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AP

Stellantis to offer domestic partner benefits for 14K salaried employees

To Doug Furgason, it's important for his company to embrace inclusivity.

That's why he's pleased that Stellantis will once again offer domestic partner benefits in addition to spousal benefits for its non-bargaining U.S. employees.

"This is the company recognizing that there are other aspects and ways that people are living, and we should have the same benefits," said Furgason, whose job at the automaker involves managing packaging and logistics of exported parts.

Domestic partner benefits were in place for employees with same-sex partners until 2015.

The U.S. Supreme Court ruling that year that made gay-marriage legal across the country was a victory for gay rights, but it also led many companies, including automakers, to end domestic partner benefits in favor of spousal benefits for their employees with same-sex partners.

When the program is reinstated Jan. 1, however, it will also be offered to employees with opposite-sex partners, which was not the case previously. The company, which formed in January from the merger of Fiat Chrysler Automobiles and Peugeot maker PSA Group, said approximately 14,000 salaried employees in the United States will be eligible.

"Providing domestic partner benefits to all eligible employees despite their partner status embodies our company's purpose and values and enables us to meet the needs of a diverse and dynamic workforce and the expectations of prospective employees," Dana Keefer, head of human resources for Stellantis-North America, said in a news release.

The announcement Monday coincides with National Coming Out Day, when the company will also light the Pentastar purple at the top of its tower off I-75 in Auburn Hills through Oct. 21. The purple lighting has become an annual tradition for the automaker.

Furgason said that when the company demonstrates support outwardly for the LGBTQ community, including its sponsorship of last month's Motor City Pride annual parade and festival, it sends a message that those employees are welcome.

"People are going to bring their best work when they feel comfortable and they don't have to carry any other burdens or anything like that," he said.

Furgason, 32, is co-chair of the company's Prism business resource group for LGBTQ+ employees. He is gay and single and lives with his pit bull, Ruth, in Clawson.

Furgason said he won't be taking advantage of the domestic partner benefit now, but it's important to offer.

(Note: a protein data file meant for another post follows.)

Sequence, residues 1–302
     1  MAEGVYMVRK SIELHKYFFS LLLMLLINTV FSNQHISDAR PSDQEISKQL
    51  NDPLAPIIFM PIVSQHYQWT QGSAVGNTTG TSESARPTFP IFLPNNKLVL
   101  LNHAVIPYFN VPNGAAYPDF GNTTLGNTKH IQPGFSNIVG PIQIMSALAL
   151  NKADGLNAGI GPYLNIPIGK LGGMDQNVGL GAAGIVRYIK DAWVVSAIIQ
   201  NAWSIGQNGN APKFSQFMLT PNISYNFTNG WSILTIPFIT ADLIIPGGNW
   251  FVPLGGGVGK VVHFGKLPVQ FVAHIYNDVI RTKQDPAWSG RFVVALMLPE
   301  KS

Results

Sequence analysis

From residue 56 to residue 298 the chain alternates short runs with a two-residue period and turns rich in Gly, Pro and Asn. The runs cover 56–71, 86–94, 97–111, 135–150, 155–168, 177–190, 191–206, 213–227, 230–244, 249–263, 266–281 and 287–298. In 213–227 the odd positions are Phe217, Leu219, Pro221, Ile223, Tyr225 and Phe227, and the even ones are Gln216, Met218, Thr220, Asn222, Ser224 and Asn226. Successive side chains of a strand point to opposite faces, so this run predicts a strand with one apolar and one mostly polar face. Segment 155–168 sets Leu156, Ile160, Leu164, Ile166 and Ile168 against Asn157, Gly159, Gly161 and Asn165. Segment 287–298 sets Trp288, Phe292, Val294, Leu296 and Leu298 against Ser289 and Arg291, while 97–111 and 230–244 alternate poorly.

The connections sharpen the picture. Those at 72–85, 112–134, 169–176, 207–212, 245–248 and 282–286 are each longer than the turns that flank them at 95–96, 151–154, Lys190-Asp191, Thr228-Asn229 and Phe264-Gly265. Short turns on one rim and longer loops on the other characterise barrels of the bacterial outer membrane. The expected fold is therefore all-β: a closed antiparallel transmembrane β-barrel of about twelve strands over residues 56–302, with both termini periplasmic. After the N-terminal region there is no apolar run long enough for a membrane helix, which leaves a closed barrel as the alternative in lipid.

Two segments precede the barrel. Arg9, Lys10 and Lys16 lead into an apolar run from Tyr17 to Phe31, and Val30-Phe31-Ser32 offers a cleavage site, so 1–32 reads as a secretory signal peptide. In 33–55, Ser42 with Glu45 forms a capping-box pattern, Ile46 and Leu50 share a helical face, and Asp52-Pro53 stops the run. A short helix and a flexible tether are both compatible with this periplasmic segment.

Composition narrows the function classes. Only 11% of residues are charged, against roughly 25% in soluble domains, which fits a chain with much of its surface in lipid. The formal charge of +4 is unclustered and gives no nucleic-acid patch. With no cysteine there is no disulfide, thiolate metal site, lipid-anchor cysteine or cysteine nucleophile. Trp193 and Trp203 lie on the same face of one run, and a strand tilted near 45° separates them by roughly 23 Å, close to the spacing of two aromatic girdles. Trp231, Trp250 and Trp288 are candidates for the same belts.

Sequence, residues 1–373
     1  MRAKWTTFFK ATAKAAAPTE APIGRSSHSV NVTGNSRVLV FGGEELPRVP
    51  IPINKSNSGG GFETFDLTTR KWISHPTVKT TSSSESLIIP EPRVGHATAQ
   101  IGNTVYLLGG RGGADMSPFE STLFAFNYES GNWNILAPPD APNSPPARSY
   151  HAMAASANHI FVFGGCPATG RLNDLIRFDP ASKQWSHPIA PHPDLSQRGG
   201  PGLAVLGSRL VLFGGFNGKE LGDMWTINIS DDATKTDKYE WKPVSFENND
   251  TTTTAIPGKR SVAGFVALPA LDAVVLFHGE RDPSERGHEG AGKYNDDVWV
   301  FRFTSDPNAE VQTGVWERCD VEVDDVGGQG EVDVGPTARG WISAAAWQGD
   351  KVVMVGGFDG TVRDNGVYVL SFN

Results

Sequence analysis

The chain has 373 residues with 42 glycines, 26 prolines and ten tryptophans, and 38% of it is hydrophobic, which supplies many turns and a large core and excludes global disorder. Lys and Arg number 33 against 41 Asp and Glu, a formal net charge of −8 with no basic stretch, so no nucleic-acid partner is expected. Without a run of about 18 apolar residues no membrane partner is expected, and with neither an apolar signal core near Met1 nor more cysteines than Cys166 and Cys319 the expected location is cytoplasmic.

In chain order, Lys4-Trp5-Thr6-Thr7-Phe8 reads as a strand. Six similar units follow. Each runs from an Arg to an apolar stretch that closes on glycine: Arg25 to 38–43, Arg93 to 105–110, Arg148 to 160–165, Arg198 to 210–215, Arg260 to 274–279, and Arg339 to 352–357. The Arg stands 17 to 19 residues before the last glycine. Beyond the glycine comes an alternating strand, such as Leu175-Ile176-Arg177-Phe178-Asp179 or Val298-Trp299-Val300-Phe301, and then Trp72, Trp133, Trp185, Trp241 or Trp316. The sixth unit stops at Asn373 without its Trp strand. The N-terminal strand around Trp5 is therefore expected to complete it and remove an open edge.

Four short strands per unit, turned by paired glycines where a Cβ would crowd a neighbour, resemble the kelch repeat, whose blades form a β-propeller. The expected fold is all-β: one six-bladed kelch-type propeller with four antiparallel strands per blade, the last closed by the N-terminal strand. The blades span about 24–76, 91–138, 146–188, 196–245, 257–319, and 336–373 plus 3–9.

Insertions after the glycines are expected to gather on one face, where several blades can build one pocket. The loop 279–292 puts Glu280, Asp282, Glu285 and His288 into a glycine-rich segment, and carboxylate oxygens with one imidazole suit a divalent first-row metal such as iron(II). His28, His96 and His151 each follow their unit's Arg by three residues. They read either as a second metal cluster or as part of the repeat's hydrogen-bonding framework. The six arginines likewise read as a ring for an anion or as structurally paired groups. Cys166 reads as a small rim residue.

"As a society there's many different reasons why you might be in a domestic partnership," Furgason said. "I do feel like we're seeing less of an importance placed on marriage."

Furgason has been with the company for five years. Growing up, he said, he didn't "have as much exposure to positive queer examples" and viewed success then as marrying a woman and starting a family. Now he sees success differently and believes it's important to promote other positive images.

Lottie Holland, the director of diversity, inclusion and engagement for Stellantis-North America, said the company has research showing that 7% of U.S. adults are living with an unmarried partner.

"Things are changing, and we want to be at the forefront of that change," she said.

In such a competitive labor market, companies are also searching for ways to stand out, and Holland said she expects the domestic partner benefits to be of interest to candidates.

"We want to be able to attract and retain top talent, so these will be some of the benefits that that top talent will be expecting so this is our way to meet that," she said.

She said she expects other automakers to follow suit. Like Stellantis, Ford and GM offer spousal benefits, except where state law would make domestic partners eligible.

Holland said the program would include "all of the benefits that we would afford to a legally married couple."

Active employees must meet a number of eligibility requirements, such as being in a committed relationship for at least a year, living in the same home and being jointly responsible for welfare and financial obligations.

Specific benefits would include medical, dental, vision, life insurance, paid parental leave, relocation assistance in the United States and company vehicle leases.

The program will be limited to non-bargaining employees when it is launched because UAW-represented employees are in the midst of their current contract. Holland said the company is "looking forward to having the discussion with the UAW" during the next round of contract talks.

"This is definitely an area of consideration and a point of topic with the UAW in 2023," she said.

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